Consumer confidence data released last week show that faith in the economy has reached its lowest point in almost two years, but that hasn't dimmed mortgage lenders' optimism, especially in light of the latest Fed rate cut.

Their optimism is further supported by recent figures from the Mortgage Bankers Association. Despite bad weather and the low confidence level, loan application volume was heartening in the week ended Jan. 26, increasing 31.6% from the week before and 151.5% from the equivalent week of 1995.

But despite personal income that is "chugging along" and stable initial employment claims, consumers remain shaken, Mr. Goldstein said.

The Conference Board reported its consumer confidence index for January dropped 12 points, to 87.0. Mortgage industry observers often look to a combination of the confidence index and unemployment figures to predict originations.

"The real story," said Conference Board economist Ken Goldstein, "is what is spooking the American consumer?"

The shutdown of the federal government brought on by the impasse over a balanced budget, which led to a dearth of economic information, is part of the problem, Mr. Goldstein said. The coupling of high-profile layoffs with a gap in economic indicators caused by the shutdown helped cripple Americans' faith in the economy, he said.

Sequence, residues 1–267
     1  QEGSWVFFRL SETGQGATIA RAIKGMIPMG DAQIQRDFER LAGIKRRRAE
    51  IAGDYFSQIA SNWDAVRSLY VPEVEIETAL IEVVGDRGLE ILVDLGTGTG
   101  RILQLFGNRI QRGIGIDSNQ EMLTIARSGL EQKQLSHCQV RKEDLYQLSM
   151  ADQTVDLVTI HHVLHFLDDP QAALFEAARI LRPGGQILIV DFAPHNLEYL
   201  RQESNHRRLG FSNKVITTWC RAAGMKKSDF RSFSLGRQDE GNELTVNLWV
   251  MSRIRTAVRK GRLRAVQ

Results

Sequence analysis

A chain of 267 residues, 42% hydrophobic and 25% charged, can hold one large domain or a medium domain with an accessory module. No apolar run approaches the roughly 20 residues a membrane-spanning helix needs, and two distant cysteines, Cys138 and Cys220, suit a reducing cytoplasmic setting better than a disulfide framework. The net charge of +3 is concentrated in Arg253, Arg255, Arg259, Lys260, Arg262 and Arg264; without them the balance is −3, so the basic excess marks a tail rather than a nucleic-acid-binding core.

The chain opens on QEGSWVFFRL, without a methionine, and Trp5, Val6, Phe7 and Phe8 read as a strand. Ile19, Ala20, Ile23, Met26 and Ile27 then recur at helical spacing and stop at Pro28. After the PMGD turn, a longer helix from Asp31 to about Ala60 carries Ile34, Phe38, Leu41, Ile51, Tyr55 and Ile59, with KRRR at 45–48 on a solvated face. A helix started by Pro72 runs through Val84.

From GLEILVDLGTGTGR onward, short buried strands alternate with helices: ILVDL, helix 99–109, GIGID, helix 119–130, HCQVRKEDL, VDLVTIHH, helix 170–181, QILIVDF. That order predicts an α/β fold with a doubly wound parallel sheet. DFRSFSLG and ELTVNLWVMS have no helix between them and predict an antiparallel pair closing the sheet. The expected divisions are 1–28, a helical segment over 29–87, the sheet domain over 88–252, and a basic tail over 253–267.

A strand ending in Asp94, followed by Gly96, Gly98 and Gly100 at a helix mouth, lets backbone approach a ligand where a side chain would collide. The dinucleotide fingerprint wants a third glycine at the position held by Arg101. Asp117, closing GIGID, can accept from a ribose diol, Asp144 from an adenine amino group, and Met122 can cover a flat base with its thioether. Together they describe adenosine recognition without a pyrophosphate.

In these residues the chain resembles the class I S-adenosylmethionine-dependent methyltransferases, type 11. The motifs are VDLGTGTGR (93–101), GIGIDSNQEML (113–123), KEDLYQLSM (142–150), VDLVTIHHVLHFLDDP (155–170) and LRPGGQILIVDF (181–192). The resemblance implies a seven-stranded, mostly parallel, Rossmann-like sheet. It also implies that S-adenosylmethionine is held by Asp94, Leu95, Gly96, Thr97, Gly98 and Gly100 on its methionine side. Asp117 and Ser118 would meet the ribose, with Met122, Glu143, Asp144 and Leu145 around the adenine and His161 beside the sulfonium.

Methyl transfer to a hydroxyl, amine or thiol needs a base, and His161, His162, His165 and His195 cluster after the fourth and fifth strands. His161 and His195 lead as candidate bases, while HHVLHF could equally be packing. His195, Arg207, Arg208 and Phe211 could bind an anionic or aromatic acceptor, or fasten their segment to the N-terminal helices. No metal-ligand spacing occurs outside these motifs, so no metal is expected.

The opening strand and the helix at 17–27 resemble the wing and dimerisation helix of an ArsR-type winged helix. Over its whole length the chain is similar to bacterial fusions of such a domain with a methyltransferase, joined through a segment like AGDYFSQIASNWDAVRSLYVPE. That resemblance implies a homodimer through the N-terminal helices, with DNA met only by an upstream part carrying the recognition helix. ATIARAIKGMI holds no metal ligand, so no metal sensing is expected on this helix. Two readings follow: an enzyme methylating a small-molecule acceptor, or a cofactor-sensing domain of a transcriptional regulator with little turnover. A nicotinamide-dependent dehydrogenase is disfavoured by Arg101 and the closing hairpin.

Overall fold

And a hearty dose of blizzard-induced cabin fever combined with post- holiday blues hasn't helped matters, said Chuck Dahlgren, senior vice president and manager of residential products for Winston-Salem, N.C.-based Wachovia Corp. People may have taken on a lot of debt during the holiday season, and right now, gray weather predominates, he said.

Consumer confidence is likely to increase, observers say. "It would take more bad news to keep that number where it is," Mr. Goldstein said.

The Fed's recent quarter-point rate cut is considered sure to boost both consumer confidence and home sales. "It was the right move at the right time," said Jim Coons, chief economist at Huntington Mortgage.

"People that have been sitting on the fence waiting for rates to go down will now put themselves in the market and start looking for a home," Mr. Dahlgren said.

If the Fed reduces rates again in March, as some economists are predicting, Wachovia will revise its origination projections upward. Currently, the company is targeting $1.6 billion of mortgage originations in 1996, a 25% increase over last year.

Any impending volume increase is sure to be skewed toward refinancings, said Mr. Coons. Currently, refinancing makes up about two-thirds of originations at Huntington.

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